Now that I’m in my 70s (Yeoww! That number still blows my mind), I’ve become philosophical about my time left. It could be 20 years, which will fly by far too quickly, or it could be 20 minutes. As we’ve watched some of our friends cope with illness and others pass away, we have a greater appreciation for the time we’re enjoying now. Every day is truly a gift, wherever and however I choose to spend it. And for that, I am truly grateful. How do you spend your days of eternal Saturdays?

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10 signs that baby boomers have finally hit that perfect sweet spot

Creaky joints, back pain and stiff shoulders are a way of life for many boomers as we now enter the third period of an unpredictable and tough game. Bumps, bruises and the odd metaphorical concussion over the years have taken a toll and we now rely on our innate skills of playing the game like pros to get us through each day. It takes a little more effort to hoist ourselves up from our LaZgirl chair and leaping up stairs two at a time is a distant memory. When we reflect back on our younger working days with stressful jobs, families and little to no time to ourselves, we wonder how we had the stamina. The answer is simple. We were young.

At last!

That’s not to say this stage of life isn’t without benefits. Many years ago when I asked my Aunt Lois to describe the best and happiest time in her life she unhesitatingly answered “When your Uncle Ron and I first retired”. That’s the stage most baby boomers are at right now and speaking from personal experience, I couldn’t agree with her more. There’s no place I’d rather be than now. There are so many benefits:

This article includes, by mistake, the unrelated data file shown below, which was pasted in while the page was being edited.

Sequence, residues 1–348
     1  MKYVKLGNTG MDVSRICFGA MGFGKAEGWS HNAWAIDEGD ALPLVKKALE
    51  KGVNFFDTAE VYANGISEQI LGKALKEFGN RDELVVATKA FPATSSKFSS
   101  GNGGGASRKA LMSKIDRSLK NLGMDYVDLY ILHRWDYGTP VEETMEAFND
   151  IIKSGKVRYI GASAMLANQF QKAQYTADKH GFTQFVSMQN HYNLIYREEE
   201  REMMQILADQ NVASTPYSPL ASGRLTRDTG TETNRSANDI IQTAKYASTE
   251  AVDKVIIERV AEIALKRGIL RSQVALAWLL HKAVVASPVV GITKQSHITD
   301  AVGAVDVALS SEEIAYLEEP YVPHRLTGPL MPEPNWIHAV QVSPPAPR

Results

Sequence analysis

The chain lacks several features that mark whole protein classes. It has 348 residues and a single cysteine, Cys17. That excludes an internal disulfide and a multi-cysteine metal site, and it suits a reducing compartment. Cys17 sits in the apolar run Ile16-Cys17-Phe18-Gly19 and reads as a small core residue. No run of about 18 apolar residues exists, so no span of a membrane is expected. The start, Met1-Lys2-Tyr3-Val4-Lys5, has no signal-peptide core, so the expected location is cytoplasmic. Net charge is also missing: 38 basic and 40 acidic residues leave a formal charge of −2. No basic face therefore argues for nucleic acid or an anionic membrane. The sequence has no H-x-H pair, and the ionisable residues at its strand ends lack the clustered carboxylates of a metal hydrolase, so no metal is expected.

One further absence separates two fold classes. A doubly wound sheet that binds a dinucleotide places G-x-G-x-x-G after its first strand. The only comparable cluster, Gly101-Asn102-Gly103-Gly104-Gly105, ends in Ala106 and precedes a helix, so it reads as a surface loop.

1. We’re finally our own “boss of me”. No more daily grind, going to the workplace in overpacked subways and buses or sitting in traffic jams on overcrowded highways.
  2. Seniors discounts—all over the place—at certain retailers on particular days of the week, movie theatres, public transit. Even the fee-hungry, greedy banks give us free chequing, just for being, you know, old.
  3. OAC (old age pension) and CPP (Canada Pension Plan), lovely little automatic deposits into our bank accounts every month, after a lifetime of payout.
  4. Time management is now purely a matter of personal choice. We’re no longer subject to the tyranny of report deadlines, sales quotas or production schedules. We can now choose if and when we want to golf, play tennis or go to yoga classes. This includes the ability to say “No” without the accompanying guilt.
  5. We can toss the Spanx and stilettos because we’re no longer beholden to the latest fashion fads. We finally know what works best for each of us and can opt for comfort.
  6. We’re financially comfortable. As my friend Margaret likes to say, “I have enough.” We realize that relationships are the true foundations of happiness. With close friends, a roof over our heads, a warm bed and assurance of three squares a day, we’re in heaven.
  7. No longer sleep deprived, we can stay in bed as long as we like on cold mornings and grab a few zzzz’s in the afternoon if we feel like it.
  8. Even though we occasionally forget where we left our keys or why we entered a room, we’re considerably and blessedly smarter and wiser now. No more worries about making bad choices in romance, fashion and lifestyle. We’ve finally sorted things out and disposed of most of the crap in our lives.